Any increase to pensionable pay will increase pension benefits earned prior to the date of the change as well as those to be earned in the future. You must get approval from the Scheme Manager, Cabinet Office about changes in the pensionable status of any aspect of pay. Where the effect of a change is to increase final pensionable earnings, you will need to assess and usually pay for the past service cost implications.

Such payments can only be pensionable following the formal exercise of discretion under the Civil Service Pension Scheme (CSPS) rules by the Scheme Manager, Cabinet Office. There may also be a past service cost. You must therefore get approval from the Scheme Manager, Cabinet Office in all cases. Administration and employee understanding are complicated by the Inland Revenue’s imposed need for averaging.

You must consult the Scheme Manager, Cabinet Office but we would normally agree to the payment being pensionable without the complication of it being treated as a "fluctuating emolument".

The normal employer (ASLC) and employee contributions are not designed to recover the costs of one-off increases in pensionable earnings made immediately prior to retirement. Where modest increases are made pensionable for all staff, there is not a problem as this is consistent with the underpinning assumption that pay increases are treated (for pension purposes) in the same way for all staff.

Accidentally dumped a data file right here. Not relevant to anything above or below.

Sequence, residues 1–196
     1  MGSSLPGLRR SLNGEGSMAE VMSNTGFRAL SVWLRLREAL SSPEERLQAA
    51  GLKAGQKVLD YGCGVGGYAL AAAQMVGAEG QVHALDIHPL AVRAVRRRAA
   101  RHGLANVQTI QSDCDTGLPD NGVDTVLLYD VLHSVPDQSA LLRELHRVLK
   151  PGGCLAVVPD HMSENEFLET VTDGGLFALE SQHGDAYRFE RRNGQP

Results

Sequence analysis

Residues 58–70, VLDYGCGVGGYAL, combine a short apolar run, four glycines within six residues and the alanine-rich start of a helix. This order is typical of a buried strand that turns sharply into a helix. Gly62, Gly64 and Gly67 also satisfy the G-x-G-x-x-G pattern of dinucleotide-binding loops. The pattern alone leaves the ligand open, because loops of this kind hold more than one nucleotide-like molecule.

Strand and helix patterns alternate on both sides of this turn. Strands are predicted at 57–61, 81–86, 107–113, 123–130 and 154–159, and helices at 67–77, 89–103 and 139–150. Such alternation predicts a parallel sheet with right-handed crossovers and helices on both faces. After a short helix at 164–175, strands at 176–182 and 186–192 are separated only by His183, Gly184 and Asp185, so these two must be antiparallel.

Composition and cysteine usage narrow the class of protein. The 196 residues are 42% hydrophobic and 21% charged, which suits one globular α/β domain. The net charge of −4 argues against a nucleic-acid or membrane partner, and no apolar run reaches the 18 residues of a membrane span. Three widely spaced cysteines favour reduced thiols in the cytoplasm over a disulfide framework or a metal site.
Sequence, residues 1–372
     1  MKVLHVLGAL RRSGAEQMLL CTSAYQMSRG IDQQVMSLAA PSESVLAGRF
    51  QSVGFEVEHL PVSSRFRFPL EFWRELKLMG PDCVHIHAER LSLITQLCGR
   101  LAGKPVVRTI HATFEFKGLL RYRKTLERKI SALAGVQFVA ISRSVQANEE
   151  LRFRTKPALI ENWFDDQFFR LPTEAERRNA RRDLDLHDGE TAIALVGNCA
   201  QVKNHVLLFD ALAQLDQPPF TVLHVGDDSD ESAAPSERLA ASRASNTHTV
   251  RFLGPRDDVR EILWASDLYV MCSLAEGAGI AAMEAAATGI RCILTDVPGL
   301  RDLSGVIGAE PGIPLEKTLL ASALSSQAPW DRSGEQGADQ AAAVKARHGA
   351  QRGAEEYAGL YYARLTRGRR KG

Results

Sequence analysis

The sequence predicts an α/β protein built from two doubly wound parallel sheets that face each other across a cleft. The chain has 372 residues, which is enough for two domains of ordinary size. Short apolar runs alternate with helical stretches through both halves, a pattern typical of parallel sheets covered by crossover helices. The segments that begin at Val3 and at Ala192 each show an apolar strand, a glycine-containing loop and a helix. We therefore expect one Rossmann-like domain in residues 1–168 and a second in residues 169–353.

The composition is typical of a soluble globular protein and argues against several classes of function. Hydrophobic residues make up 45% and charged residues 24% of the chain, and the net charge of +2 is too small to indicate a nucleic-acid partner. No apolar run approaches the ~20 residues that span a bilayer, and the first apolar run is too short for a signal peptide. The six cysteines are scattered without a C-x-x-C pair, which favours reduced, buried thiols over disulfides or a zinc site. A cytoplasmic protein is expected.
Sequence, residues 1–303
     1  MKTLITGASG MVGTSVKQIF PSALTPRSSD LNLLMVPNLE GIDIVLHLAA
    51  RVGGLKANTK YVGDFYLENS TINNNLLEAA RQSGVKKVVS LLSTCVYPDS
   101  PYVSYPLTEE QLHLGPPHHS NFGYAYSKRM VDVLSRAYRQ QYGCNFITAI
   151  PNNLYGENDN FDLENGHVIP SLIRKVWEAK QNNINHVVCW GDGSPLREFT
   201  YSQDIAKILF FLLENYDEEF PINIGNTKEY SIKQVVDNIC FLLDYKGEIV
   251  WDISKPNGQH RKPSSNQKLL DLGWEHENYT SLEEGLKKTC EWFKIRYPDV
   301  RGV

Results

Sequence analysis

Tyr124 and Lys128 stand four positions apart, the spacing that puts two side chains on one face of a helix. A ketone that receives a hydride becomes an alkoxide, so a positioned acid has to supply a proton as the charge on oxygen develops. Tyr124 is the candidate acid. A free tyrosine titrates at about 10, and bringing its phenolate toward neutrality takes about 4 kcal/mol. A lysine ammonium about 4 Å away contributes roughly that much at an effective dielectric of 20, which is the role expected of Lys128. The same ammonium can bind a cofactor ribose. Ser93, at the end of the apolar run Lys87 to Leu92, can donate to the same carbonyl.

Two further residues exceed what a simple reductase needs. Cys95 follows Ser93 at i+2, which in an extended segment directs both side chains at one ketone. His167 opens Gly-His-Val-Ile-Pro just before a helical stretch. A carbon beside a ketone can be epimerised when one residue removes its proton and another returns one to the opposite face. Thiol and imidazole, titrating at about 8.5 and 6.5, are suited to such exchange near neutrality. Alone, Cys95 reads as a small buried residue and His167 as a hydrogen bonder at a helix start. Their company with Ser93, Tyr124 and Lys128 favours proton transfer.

If the employer wishes to give a pensionable increase only to those about to retire, then the Scheme Actuary will need to assess the full past service cost for the staff involved, which you will have to pay. The cost will vary depending on the amount of past service of each employee affected but it would probably be at least 4 times the total amount of the increase in pay.

Please Note: If employers do not pay ASLCs that are due, the cost will ultimately fall on all employers participating in the CSPS. Although the costs in any individual case may appear to be modest in relation to the size of the scheme, the principles underpinning the ASLC mechanism need to be upheld if it is to remain fair to all participating employers.

Published:
14 January 2022
Last updated:
14 January 2022